Editor’s Note: Dominika Kulczyk is founder and president of the Kulczyk Foundation which works with local NGOs to support aid projects in countries affected by poverty. The opinions expressed in this commentary are her own.
“Freedom may be the soul of humanity, but often you have to struggle to prove it.” - Lech Walesa
The world has a lot to be concerned about these days.
From global warming, to advancements in artificial intelligence, to various political movements threatening the stability of global democracy, our newscasts and newsfeeds are filled by the minute with dire warnings and breathless predictions.
But there are more troubling trends I’ve witnessed happening right now, which don’t get the same headlines. Yet they strike a direct blow at the heart of humanity itself.
Sold to traffickers
For the past several years, I’ve traveled the globe, both as a philanthropist and a reporter for the Foundation’s news program “The Domino Effect,” bearing witness to, and trying to help solve, some of the world’s most pressing problems.
But perhaps nothing moved me more than a trip I made in November 2018 to Lake Volta, Ghana.
It is on this massive artificial lake that I came across one of the most unnatural scenes imaginable in the 21st century.
The lake, which was only created in 1965 with the construction of a hydro-electric dam, is home to an estimated 20,000 child slaves.
Children as young as five are sold to human traffickers and made to work as fishermen for up to 12 hours a day, seven days a week.
They are beaten. They are abused. They eat scraps off the table and sleep on the dirt.
Some of these children drown when forced to dive under the water to untangle fishing nets. These forgotten children become yet another anonymous corpse resting at the bottom of the lake.
When they die, no one is there to grieve for them and no one is punished for enslaving and endangering them.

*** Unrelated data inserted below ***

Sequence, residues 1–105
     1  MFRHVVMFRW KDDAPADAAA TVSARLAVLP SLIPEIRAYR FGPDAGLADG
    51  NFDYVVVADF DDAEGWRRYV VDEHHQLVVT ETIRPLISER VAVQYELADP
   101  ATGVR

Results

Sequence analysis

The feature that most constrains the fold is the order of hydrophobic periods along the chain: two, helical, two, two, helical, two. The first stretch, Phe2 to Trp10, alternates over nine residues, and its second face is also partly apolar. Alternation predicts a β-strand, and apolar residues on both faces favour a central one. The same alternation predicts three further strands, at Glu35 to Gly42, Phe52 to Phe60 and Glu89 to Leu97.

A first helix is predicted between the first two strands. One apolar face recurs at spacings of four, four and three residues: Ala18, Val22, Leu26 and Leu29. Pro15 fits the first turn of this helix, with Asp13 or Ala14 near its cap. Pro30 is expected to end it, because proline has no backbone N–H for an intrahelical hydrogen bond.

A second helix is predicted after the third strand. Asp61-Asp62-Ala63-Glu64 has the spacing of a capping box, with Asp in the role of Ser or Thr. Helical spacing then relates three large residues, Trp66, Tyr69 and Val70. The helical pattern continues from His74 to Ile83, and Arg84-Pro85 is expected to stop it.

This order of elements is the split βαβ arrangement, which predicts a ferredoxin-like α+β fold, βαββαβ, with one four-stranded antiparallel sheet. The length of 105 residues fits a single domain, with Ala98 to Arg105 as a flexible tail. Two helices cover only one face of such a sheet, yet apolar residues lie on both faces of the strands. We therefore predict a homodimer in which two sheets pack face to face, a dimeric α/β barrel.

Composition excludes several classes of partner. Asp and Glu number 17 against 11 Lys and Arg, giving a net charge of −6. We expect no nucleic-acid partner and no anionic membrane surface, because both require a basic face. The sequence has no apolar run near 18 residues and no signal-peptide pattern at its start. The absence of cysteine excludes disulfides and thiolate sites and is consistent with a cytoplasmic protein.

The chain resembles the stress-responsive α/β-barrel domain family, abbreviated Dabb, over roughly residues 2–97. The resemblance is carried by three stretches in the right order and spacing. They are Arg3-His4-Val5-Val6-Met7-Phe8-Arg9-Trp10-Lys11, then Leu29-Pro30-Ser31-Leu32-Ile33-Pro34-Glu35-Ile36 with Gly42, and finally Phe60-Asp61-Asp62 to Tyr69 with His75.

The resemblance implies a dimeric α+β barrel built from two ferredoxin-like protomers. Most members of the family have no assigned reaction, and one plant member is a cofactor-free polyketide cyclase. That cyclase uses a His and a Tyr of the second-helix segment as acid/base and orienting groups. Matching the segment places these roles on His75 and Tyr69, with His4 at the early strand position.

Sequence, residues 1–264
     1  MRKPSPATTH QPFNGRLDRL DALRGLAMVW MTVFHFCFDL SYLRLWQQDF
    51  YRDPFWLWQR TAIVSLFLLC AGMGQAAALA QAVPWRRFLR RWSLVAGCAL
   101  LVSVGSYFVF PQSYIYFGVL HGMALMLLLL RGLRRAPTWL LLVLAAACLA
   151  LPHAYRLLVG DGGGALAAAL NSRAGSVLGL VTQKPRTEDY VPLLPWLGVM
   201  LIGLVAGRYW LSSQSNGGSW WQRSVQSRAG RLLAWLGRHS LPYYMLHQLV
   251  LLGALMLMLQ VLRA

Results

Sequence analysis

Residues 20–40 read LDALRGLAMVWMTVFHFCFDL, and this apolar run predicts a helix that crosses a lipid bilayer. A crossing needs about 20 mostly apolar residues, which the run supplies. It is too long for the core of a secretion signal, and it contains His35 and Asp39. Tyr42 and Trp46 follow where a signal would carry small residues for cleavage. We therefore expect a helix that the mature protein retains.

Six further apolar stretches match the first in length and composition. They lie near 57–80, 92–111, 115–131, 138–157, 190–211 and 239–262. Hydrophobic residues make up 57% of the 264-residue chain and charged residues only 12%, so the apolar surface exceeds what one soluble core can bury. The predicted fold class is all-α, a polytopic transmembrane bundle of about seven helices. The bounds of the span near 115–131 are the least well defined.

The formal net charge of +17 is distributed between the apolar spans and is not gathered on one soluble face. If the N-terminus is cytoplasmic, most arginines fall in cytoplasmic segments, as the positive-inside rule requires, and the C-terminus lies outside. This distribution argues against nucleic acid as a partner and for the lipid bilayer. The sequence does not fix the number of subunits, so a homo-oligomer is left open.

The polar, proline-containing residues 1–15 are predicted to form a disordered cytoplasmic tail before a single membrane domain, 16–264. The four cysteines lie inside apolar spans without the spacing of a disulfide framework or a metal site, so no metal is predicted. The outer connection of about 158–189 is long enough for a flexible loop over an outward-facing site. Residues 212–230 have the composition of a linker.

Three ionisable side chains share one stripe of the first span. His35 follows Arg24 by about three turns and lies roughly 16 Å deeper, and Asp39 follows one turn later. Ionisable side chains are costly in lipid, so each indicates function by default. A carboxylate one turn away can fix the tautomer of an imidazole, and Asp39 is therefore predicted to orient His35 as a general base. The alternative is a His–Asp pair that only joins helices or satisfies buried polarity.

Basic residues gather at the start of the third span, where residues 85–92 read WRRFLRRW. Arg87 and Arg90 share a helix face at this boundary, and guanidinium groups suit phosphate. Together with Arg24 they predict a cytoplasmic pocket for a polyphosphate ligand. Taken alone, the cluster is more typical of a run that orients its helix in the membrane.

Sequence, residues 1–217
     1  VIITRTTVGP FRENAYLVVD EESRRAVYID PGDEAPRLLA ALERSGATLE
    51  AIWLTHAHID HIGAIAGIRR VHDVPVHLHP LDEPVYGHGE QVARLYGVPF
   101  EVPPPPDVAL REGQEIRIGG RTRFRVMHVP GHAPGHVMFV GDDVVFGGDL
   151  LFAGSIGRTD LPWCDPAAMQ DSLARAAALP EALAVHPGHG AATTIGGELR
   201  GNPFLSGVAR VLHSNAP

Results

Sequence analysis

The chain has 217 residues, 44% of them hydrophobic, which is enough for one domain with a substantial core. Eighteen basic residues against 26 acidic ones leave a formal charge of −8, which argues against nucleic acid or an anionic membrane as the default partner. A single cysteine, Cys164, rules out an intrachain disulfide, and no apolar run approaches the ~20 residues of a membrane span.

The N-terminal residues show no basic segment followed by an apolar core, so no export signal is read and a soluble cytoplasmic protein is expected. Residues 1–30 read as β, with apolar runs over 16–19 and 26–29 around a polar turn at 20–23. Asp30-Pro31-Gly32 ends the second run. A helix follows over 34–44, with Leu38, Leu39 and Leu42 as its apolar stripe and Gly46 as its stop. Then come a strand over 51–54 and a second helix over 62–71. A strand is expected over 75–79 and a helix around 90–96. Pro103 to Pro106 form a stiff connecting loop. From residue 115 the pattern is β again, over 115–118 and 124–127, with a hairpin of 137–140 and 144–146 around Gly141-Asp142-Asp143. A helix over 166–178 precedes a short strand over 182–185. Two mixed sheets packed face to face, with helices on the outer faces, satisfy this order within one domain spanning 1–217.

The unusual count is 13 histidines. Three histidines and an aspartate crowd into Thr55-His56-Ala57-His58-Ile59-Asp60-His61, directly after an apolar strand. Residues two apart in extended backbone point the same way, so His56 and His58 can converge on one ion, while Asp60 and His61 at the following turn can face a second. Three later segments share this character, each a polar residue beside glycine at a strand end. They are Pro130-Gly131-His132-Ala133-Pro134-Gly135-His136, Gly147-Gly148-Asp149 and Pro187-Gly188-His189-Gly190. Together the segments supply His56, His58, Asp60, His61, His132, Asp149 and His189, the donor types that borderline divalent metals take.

The only loss is a financial one. The fisherman who bought the child had paid the price of a cow to turn him into a slave.
This is wrong and it must be stopped.
Giving child slaves a new life
Working alongside the CNN Freedom Project, I and my team at the Kulczyk Foundation traveled into the heart of central Ghana.
There, we met with the leaders of an organization called the Partners in Community Development Programme (PACODEP). It’s one of the 200 organizations around the world the Kulczyk Foundation supports through infrastructure projects and social investments.
PACODEP is one of several local organizations working on the ground in Ghana to free these children and give them an education. They do a lot of great work with the police and local government. But they are overwhelmed by the scope of the problem and need more help. Not just from the federal government or from international donors, but from people in Ghana and around the world.
I will never be able to fully express what it felt like seeing a dilapidated, leaky boat filled with four tiny children, working tirelessly for a man they called “master” who hadn’t fed them in 24 hours.
And I will never forget the moment, just days later, when I shared a boat ride back with them to the Village of Life, the shelter for trafficked children run by PACODEP. It was the start of their new life, after PACODEP freed them, along with 14 other children.
All of those 18 rescued children are now safe and getting an education.
It fills my heart to know that with the simple act of attention and concern, we could change the lives of so many children.
Still, reports say there are 20,000 more child slaves on the lake.
A simple solution
The world must act. As big as the problem appears and as deeply rooted as the underlying causes are, the solution, according to those on the ground, is relatively simple.
PACODEP and the regional government have a plan to register all the boats on the lake. That way, any fishermen caught using children could be tracked, fined or arrested. The Ghanaian government should provide the necessary funding to register the boats, issue permits and monitor the work of the fishermen.
In many ways, I think we are living in a defining moment in history. We can access all the world’s information from a device in our hands. That same device can help us communicate, in a multitude of ways, with someone nearly anywhere on Earth, even on a boat in the middle of Lake Volta.
But it will be up to us to decide how we exercise this power – whether it’s used to widen the gulf between those that have and those that need, or if it can be harnessed – like the adage states – as a rising tide that lifts all boats.
As a national hero in Poland and a personal mentor, Lech Walesa has always encouraged people to fight for freedom. He believes the foundation of positive change is to be in service of our fellow human beings.
I take that message very much to heart and I encourage everyone who watches “Troubled Waters,” the CNN documentary about child slavery on Lake Volta, to join me in taking action, by demanding the children working on Lake Volta be freed immediately.
March 14 is #MyFreedomDay, when schools around the world will raise awareness of modern slavery. Find out more at cnn.com/myfreedom